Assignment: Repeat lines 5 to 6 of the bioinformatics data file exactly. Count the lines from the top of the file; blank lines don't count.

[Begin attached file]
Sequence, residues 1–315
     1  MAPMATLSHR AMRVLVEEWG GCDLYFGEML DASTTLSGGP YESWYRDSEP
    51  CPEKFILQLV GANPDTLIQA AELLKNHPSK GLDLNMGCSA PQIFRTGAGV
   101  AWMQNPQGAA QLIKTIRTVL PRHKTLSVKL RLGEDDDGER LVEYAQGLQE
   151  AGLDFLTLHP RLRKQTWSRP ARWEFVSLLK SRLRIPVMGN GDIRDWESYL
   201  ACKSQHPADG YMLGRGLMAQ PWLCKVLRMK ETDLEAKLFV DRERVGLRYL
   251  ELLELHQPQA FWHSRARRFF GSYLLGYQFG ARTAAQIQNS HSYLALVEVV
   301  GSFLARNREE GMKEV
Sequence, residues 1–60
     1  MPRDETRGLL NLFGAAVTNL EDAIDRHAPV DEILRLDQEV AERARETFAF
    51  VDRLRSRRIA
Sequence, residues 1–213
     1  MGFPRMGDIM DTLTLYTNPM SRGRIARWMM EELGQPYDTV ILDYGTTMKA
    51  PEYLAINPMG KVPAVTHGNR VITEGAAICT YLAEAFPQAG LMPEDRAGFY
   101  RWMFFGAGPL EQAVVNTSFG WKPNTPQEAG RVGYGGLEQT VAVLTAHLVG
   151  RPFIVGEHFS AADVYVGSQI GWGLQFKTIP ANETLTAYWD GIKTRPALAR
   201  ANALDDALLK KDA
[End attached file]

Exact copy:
   151  AGLDFLTLHP RLRKQTWSRP ARWEFVSLLK SRLRIPVMGN GDIRDWESYL
   201  ACKSQHPADG YMLGRGLMAQ PWLCKVLRMK ETDLEAKLFV DRERVGLRYL